At sunset, vice wake in Lafia
7/1/2012 1:12:50 AM -
I have since time immemorial fancied investigative articles. Not only does it depict a detailed story, it provides the reader graphic description of the circumstance. Aside from that, it causes varying reactions which usually leads to intense deliberations among family, friends and colleagues.
My mentor is the award-winning super-writer, Musikilu Mojeed. My admiration for this genius dates back many years. If truly the country's national merit award is meant individuals that have distinguished themselves in their chosen fields, I recommend Mr Mojeed for such recognition. But he may never get it and I will give reasons to buttress.
One, he is a courageous and forthright journalist whose stance mostly embarrass the high and mighty 'big men'. By this, I mean he is a thorn in the flesh of the ruling class. Two, the award is nowadays irksomely politicised and I stand to be corrected; anyone who thinks transposed should send on a rejoinder. I will publish.
The morning started as normal, but this one had a loaded package wrapped. I turned out to be a day I finally would get a chance to do a modicum of what I perpetually marveled at.
I am hardly on a road intersecting three amalgamating States. I journeyed from Federal Capital Territory through Nasarawa state to the food basket of the nation, Benue state. Its capital, Makurdi was my destination.
I arrived at just about 2pm and was received by my host. He was doing a research and aware of my flair for content development, invited me for brainstorm. I gladly obliged, it was the little I could do for a good friend. Besides, the title of a private consultant on a study was itself flattering.
I had an appointment the following day and so decided to leave Makurdi that evening. I could not get a direct bus back to Abuja so I joined a cab to Lafia with the hope of joining another to the nation's capital.
I reached Lafia quarter pass 9pm. It was late whereas I remained optimistic. The loading cab was a grey Peugeot 505 wagon, it takes nine commuters but we were just four yet. The driver assured we would hit the road provided that at least three more joined up. We did not get one.
The time was few minutes to 11pm and the prospect of moving dashed. I stepped out of the car to look for someplace to have my phone charged. The battery was by now all but drained; the music player was on all along.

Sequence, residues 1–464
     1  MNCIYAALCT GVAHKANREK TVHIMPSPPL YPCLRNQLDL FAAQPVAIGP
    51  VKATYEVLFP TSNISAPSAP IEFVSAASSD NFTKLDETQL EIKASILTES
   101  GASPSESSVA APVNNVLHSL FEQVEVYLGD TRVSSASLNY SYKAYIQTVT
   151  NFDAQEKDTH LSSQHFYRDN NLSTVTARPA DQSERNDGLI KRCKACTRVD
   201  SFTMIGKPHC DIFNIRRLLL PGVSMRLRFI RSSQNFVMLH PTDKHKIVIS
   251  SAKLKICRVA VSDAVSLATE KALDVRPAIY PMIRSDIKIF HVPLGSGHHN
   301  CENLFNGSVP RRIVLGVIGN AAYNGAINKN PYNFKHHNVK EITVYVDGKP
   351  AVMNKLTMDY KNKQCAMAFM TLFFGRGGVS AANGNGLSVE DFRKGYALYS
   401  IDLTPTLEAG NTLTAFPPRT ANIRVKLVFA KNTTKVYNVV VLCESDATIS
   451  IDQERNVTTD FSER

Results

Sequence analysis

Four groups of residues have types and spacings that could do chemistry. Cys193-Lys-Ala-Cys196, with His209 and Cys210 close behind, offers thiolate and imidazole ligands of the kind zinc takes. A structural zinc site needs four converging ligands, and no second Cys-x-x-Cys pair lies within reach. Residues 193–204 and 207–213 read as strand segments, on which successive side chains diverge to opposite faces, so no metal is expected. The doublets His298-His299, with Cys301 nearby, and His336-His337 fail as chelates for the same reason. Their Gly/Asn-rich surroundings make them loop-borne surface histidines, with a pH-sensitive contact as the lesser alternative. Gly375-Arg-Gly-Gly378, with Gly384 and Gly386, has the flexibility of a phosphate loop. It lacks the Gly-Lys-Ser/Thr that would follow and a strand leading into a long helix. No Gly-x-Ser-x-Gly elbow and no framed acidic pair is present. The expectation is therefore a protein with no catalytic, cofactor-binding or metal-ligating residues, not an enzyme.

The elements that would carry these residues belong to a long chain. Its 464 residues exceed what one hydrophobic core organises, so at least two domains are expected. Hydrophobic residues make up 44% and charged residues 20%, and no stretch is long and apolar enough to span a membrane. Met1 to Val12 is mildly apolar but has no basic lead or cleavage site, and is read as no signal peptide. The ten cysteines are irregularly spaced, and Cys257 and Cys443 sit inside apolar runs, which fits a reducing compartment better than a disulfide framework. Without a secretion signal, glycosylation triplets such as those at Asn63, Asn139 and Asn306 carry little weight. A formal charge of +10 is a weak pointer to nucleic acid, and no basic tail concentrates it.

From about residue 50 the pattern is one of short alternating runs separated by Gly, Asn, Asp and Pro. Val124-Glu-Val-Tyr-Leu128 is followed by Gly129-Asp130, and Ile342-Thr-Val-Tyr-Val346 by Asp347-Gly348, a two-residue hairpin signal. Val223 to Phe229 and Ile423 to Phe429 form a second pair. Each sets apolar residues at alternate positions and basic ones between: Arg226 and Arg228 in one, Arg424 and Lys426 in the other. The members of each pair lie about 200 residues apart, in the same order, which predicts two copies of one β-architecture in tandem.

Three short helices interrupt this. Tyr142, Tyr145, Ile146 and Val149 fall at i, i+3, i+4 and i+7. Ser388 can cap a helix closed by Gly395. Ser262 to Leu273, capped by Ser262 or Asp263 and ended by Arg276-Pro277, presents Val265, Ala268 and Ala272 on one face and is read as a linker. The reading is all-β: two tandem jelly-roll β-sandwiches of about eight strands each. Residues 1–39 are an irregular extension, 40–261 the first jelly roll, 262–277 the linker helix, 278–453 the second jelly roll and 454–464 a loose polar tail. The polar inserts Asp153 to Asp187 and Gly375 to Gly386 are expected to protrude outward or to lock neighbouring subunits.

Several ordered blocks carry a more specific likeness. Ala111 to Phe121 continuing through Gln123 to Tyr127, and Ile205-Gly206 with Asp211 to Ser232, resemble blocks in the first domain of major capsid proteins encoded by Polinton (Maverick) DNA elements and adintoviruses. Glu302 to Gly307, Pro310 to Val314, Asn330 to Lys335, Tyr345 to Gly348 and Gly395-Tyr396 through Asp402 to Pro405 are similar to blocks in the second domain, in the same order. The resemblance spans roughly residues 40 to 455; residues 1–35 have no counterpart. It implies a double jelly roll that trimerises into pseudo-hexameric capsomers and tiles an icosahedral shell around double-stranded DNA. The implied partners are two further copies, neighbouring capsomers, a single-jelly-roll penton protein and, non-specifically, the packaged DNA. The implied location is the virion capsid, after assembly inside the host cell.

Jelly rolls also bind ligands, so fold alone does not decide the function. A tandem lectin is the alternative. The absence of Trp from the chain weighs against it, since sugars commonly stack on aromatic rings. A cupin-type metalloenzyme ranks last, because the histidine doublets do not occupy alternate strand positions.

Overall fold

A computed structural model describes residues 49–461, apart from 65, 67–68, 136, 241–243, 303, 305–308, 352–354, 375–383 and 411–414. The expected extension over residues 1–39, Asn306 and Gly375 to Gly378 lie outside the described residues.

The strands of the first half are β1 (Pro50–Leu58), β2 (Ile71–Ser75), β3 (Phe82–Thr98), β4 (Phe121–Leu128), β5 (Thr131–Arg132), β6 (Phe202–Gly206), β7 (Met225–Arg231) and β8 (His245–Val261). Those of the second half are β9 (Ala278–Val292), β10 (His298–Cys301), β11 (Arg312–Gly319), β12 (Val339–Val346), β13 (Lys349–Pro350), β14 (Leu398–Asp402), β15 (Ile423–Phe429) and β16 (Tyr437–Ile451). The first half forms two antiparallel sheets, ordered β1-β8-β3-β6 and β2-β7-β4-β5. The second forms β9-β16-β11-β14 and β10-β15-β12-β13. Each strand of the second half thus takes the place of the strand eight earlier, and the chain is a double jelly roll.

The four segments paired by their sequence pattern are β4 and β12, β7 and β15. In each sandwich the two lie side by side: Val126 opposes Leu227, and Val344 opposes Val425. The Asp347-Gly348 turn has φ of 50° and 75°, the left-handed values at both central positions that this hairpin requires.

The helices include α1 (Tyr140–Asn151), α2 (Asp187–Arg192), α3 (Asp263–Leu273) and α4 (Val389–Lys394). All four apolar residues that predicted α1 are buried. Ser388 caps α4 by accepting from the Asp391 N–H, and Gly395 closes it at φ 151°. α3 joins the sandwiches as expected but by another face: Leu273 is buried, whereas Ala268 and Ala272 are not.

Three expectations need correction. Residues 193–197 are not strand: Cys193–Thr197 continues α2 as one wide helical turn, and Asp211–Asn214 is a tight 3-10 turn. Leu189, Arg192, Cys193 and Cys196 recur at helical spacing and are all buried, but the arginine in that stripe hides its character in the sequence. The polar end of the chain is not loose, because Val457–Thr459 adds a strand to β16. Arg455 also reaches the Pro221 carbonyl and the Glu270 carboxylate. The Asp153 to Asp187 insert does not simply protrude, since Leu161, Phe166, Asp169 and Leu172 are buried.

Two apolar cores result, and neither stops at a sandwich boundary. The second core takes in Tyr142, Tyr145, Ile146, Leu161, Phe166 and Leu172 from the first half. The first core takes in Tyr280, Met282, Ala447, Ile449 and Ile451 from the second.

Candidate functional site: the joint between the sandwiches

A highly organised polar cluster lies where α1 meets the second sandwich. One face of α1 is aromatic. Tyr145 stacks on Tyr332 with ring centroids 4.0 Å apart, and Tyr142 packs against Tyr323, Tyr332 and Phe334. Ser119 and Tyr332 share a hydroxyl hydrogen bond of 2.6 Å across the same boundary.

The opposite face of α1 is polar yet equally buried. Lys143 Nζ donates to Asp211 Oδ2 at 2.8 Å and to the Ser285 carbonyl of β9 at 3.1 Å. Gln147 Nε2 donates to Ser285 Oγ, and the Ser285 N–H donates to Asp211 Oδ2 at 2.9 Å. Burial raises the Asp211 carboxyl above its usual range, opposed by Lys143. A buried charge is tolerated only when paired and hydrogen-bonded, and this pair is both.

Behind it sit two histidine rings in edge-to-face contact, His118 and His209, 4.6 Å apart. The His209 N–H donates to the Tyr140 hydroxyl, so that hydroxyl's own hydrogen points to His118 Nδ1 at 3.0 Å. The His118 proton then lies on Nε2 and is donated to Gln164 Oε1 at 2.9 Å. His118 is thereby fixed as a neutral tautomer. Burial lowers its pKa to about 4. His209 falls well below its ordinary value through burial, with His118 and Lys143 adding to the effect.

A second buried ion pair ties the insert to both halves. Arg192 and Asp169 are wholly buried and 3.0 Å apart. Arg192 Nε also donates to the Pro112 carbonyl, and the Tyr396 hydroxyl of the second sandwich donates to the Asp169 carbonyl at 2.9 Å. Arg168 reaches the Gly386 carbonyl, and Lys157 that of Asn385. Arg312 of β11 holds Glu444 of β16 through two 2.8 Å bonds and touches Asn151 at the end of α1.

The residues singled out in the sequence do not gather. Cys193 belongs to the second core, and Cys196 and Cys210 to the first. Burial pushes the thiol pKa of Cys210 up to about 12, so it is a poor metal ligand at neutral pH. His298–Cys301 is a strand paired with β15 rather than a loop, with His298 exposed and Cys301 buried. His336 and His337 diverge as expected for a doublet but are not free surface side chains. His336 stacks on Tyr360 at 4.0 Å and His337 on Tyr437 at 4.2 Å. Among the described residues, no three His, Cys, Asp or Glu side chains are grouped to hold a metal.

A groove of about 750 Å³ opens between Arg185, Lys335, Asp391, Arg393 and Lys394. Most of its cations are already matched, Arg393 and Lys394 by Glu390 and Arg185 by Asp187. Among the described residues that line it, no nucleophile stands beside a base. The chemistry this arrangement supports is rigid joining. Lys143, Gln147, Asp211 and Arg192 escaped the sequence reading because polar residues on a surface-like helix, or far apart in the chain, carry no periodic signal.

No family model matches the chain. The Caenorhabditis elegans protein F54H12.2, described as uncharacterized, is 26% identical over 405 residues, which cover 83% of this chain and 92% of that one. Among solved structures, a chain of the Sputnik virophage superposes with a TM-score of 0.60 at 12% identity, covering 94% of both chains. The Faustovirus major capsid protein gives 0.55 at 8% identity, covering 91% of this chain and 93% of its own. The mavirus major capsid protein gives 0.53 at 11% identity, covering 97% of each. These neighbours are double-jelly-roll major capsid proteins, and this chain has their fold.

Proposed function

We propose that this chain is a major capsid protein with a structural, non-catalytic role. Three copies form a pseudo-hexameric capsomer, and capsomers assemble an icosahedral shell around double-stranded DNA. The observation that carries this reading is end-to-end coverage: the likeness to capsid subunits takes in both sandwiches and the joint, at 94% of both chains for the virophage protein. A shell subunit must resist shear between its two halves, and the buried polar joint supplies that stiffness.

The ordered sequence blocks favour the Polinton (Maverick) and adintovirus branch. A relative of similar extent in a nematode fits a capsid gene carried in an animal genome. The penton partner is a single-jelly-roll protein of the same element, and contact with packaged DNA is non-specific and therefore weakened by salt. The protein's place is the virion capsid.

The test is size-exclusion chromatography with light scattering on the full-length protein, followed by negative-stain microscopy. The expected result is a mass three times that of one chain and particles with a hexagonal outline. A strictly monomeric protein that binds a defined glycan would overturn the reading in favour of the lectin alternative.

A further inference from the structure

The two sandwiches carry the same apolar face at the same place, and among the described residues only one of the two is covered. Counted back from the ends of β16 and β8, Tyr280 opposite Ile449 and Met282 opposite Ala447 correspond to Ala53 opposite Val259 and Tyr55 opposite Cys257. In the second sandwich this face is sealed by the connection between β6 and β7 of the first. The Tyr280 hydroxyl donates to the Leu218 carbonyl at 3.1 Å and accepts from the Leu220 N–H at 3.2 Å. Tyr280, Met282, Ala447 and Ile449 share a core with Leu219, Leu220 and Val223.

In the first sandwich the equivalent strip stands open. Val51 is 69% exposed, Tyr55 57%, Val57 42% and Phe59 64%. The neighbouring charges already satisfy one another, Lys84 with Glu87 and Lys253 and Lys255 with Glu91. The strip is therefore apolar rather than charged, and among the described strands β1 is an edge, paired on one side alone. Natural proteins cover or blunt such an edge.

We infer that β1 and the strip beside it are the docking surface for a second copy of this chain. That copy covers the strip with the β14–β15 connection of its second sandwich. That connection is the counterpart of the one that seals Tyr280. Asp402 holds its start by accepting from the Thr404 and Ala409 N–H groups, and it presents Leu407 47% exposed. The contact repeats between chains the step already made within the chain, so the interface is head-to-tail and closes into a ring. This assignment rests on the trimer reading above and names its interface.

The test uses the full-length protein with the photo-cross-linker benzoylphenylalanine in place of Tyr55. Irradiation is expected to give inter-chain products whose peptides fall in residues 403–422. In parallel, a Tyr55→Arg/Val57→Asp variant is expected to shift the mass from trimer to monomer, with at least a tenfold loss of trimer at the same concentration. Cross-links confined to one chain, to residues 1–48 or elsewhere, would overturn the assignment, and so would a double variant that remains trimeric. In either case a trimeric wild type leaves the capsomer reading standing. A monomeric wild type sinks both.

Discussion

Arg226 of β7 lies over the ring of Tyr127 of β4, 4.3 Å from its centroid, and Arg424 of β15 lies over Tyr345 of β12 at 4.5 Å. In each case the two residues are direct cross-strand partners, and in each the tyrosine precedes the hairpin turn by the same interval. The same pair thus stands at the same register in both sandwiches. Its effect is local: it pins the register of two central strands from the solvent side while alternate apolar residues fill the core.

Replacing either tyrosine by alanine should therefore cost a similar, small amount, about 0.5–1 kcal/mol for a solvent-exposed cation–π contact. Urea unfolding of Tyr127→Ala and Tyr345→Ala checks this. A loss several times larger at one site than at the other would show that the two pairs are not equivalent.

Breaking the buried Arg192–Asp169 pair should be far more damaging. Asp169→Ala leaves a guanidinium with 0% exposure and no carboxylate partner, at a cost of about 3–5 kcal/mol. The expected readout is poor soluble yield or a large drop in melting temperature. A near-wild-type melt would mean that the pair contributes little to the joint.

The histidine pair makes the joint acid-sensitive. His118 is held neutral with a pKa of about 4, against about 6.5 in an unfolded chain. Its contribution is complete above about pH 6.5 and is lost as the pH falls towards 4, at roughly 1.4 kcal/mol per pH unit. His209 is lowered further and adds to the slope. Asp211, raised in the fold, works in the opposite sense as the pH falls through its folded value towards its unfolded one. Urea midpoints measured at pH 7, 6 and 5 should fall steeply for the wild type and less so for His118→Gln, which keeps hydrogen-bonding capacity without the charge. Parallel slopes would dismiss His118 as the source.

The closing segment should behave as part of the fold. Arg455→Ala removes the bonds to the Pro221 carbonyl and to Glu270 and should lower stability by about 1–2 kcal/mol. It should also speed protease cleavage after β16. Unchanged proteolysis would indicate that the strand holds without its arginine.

Luckily, one was not far-off. The kiosk was situated where one could easily get a wide view of the vicinity. The owner is a young man named Chuks. He is of Igbo extraction but speaks English and Hausa fluently. He works from mid-day through the night. With him sat a little boy of about twelve. I wondered what a kid of that age was doing there at such ungodly hour. Before long, I realized he was Chuks assistant; you can imagine how miffed I was.
In a little while, I began a tete-a-tete with my new friend - solace from the clutch of an infuriating stopover. My humble mien must have fascinated him. We chatted at large, from the perceptible unemployment that forced him to his present occupation to the gloomy insecurity in the land. He spent more time sharing his experience and how dependent siblings count upon his financial assistance. From all he said, it wasn't difficult to deduce that he's a workaholic who must make ends meet.
Then he deviated and lightened up the chat by inserting 'pidgin English'. 'Hmm my guy, no be small thing dey happen for here at night-o. No worry, I go gist' you well-well. All you need do is hang around, you will see for yourself. Infact you no need go far sef, a short walk around will reveal things' he assured. 'The atmosphere is peaceful'' continuing, 'Though not totally free of unscrupulous elements.'
I became interested in his suggestion. The invitation was honestly hard to refuse; a clear opportunity to do an unintended investigation presented itself.
Midnight crawled in. Poor me, exhausted and famished; eyes were heavy too. Without delay, I arose and asked for where to get abinchi (meal). Pointing to the other side of the road, Chuks directed me to a well-lit stall. I crossed over walking at a snail's pace, my legs as heavy like limbs of mahogany.